There are seveal False Aloe seedlings scattered around the garden. It took 12 years before any but the original plants flowered and produced seed. Now there are about eight mature plants flowering on an annual basis.

The Nodding Wild Onions are doing well. So far, nothing has eaten them from the top or the bottom. I hope that trend continues. I’d like to see the onion become established in the garden. It’s funny that this plant can sometimes fill a person’s yard, but it has a tough time surviving here.

Thursday, April 28, 2011

Edwards' Hairstreak Larvae

I visited some small oaks in hopes of discovering eggs of the Edwards’ Hairstreak butterfly and found a newly hatched larva instead.

With my hand in the background, you get a little better idea of the size of this newly hatched caterpillar. What I found odd was the absence of any Allegheny Mound Ants attending this little guy. Maybe they’ll be along soon.

Not much growth on these small oaks to feed a newly hatched caterpillar. The tree in the center hosted the larva, but the buds hardly looked as though they were beginning to swell.

On a second tree, I found more larvae along with their ant protectors. The larvae are busily feeding on the bud. They’ll be adults by mid-June, so their development should proceed at a fairly rapid pace.

The ants will guard the larvae and resulting pupae up to the point of adulthood. During the early stages of development, the larvae will spend most of their time on or next to the buds. At some later instar, the ants are supposed to escort the larvae to a protected area at the base of the tree for safety during daylight hours and then take them back up the tree to feed during the night. I have yet to witness this activity, but I’m going to try hard to catch it this year.

The tree doesn’t look like much, but its existence is essential for the survival of the Edwards’ Hairstreaks living in this small prairie opening. Click on Edwards’ Hairstreak from the list in the sidebar for more information on this interesting butterfly.

Wednesday, April 27, 2011

Pond Water

The pond has certainly not been lacking for water this spring. I’m seeing plenty of salamander larvae and the frogs and toads are still busy laying eggs. The brown water is discouraging, but that’s something you have to put up with when you don’t control the entire watershed.

The water is actually cleaner than what it appears in the first photo. Although I’d prefer to have clear water, what I have doesn’t seem to have any noticeable negative effects on the pond life.

Following a heavy rain, we have a rapid inflow of water traveling overland. When the overland flow subsides, inflow continues from underground sources. I would never lack water if this spring flow would continue, but within a couple days it will slow to a trickle. The cave system that channels this water is only a few feet below the ground and doesn’t have the capacity to hold much water. It is fed by the rapid infiltration of rain water during a storm. The passage through the soil removes any sediment from the water, so it emerges from the ground perfectly clear.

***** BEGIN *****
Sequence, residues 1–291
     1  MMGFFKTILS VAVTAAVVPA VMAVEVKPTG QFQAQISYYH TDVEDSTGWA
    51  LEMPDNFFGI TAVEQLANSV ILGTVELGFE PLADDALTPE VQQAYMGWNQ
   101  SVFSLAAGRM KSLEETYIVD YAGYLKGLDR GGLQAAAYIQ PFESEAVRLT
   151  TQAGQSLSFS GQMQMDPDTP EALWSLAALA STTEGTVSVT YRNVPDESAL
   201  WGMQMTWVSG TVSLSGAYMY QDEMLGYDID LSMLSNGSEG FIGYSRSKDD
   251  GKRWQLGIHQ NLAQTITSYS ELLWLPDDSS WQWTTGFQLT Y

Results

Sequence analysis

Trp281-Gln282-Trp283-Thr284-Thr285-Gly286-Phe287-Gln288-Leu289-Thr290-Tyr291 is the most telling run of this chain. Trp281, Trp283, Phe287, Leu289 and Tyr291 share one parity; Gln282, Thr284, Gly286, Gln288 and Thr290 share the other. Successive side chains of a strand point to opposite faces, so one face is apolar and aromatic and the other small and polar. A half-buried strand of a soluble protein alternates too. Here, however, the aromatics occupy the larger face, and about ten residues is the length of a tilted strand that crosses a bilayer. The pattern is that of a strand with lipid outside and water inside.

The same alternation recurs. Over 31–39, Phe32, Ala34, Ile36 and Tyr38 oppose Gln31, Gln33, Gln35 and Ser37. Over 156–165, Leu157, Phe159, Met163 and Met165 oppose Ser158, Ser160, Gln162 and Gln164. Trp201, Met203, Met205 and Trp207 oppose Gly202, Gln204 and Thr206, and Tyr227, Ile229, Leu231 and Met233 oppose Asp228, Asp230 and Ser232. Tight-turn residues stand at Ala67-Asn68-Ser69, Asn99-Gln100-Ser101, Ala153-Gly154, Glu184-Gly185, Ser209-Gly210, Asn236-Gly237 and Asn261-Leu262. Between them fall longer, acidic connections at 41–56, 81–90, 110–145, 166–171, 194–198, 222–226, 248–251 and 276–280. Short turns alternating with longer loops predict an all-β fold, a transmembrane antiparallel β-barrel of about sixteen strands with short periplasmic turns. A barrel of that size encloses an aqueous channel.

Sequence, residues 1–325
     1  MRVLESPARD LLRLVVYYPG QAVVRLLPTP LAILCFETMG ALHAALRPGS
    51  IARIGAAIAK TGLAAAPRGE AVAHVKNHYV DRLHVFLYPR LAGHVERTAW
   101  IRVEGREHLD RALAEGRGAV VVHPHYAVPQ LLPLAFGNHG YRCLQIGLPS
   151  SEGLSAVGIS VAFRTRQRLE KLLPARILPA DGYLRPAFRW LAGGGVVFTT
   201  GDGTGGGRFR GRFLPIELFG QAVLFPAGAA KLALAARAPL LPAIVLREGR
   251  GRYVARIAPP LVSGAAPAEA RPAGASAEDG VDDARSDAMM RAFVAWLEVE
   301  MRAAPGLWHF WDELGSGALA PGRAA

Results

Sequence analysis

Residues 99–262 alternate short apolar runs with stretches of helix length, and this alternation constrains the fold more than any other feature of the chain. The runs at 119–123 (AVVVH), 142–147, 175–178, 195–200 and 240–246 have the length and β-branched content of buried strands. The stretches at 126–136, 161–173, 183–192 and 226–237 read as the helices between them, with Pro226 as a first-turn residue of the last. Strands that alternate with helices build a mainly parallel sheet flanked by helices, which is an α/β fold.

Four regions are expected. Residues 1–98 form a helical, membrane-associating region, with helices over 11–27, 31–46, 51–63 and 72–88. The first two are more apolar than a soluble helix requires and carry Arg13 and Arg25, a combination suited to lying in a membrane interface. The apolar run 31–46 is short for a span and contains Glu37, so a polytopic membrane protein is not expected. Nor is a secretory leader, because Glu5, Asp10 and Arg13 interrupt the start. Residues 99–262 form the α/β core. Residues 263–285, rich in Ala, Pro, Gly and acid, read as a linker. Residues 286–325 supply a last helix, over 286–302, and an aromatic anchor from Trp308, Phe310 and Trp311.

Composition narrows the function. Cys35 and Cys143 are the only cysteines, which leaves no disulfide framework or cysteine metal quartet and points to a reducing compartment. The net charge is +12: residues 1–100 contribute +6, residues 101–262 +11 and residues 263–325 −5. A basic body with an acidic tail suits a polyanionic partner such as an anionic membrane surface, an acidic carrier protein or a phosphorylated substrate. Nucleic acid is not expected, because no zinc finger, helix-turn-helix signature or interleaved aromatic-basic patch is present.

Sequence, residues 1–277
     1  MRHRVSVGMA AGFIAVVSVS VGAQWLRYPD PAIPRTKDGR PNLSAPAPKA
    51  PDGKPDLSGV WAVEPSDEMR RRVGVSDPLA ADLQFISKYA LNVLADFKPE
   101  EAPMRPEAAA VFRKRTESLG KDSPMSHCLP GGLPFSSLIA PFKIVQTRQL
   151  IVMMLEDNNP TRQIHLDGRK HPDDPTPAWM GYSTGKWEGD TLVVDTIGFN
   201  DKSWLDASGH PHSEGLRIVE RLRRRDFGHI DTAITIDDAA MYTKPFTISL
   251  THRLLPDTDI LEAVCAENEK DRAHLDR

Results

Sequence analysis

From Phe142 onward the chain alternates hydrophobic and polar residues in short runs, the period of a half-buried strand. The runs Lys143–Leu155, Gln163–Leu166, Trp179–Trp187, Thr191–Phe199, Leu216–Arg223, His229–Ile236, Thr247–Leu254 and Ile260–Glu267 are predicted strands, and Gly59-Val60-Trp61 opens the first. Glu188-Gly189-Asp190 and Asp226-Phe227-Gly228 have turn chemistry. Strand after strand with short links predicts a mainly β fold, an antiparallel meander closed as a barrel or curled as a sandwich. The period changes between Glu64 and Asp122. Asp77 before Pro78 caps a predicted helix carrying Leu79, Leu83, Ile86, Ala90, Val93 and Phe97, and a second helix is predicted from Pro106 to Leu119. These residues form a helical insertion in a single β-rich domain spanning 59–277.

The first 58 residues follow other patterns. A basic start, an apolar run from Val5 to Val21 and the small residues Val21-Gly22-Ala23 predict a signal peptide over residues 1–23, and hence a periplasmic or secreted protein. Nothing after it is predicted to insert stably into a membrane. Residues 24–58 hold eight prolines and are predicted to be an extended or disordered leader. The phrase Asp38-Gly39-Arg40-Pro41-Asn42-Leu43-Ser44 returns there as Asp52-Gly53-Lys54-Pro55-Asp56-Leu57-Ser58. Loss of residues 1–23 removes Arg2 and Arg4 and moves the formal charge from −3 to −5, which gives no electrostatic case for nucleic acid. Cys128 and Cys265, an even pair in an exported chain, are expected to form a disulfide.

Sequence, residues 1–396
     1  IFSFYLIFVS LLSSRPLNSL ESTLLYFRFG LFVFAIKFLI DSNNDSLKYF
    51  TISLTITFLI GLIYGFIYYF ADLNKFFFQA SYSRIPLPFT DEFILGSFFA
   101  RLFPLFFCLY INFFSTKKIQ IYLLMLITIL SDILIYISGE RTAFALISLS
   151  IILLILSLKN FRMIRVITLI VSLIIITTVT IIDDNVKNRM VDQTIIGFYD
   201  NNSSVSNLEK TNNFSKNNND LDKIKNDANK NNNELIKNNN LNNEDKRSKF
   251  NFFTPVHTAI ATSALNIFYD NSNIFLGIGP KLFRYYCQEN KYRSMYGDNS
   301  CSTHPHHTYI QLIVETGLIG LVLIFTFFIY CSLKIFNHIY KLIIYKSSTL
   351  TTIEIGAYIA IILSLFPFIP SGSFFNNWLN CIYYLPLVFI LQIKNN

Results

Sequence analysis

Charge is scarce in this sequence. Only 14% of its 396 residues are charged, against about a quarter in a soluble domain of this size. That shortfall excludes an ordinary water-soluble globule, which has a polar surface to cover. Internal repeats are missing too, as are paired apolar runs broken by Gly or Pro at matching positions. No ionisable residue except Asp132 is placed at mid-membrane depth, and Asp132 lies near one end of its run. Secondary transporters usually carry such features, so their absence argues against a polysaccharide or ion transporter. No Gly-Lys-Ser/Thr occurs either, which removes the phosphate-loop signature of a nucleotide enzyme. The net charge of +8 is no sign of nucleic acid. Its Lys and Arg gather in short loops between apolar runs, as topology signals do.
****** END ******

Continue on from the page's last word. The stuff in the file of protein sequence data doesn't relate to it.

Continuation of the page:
This is what produces the sediment that clouds the pond. The Township road runs uphill in both directions from my driveway. The first bit of runoff from the road carries the dust in my direction. Fortunately, things have been fixed so the water leaves the road before reaching the driveway. This allows some of the sediment to be filtered out by the grass.

Water from across the road travels through a culvert and heads directly for the pond. This is the major source of unclean runoff.

Water that exits the road into my field gets trapped behind an old lane embankment. As the water is held in this temporary pond, the sediment begins to settle out. Much of this water filters through the ground and emerges in the spring. Very little sediment passes this point.

My portion of the watershed is protected by a healthy vegetative growth. When I first moved here, the compacted soils shed water very quickly and it didn’t take much rain before you saw water running off the field. The soil structure has improved tremendously over the past 25 years and much more water filters down into the soil rather than running off.

If water is going to run from a field, this is what it should look like. Sediment laden water is so common that many people don’t realize it can be clear. My goal is to have the water leaving my property to be as clear as it can possibly be.

Tuesday, April 26, 2011


The sight of a Yellow Morel can certainly cause some excitement. I’ve seen people grab these highly prized edible mushrooms right out from in front of someone’s camera lens. I call it a mushroom because I’ve been told that this gem is too classy to be referred to as a fungus.

I don’t find many morels at Blue Jay Barrens. Most of my encounters are with single individuals that I leave in place to spread their spores to the wind. In 25 years there have only been two or three times that I’ve found enough mushrooms to make a collection worthwhile.

This year, I found in one place more Yellow Morels than I have ever found before in an entire season. This is the first time I’ve ever been able to take a photo of multiple mushrooms in one location. In total, there were about 40 morels in an area 30 feet across.

The site of the find was within the root zone of an old apple tree that died a few years ago. I’ve read that apples are one of many trees which may have an association with morels. The Tuliptree is said to be the most like species to have morels growing beneath its canopy. Most of my finds have been beneath Eastern Red Cedars growing in the barrens. I’ve always thought that was a rough place for mushrooms to be growing.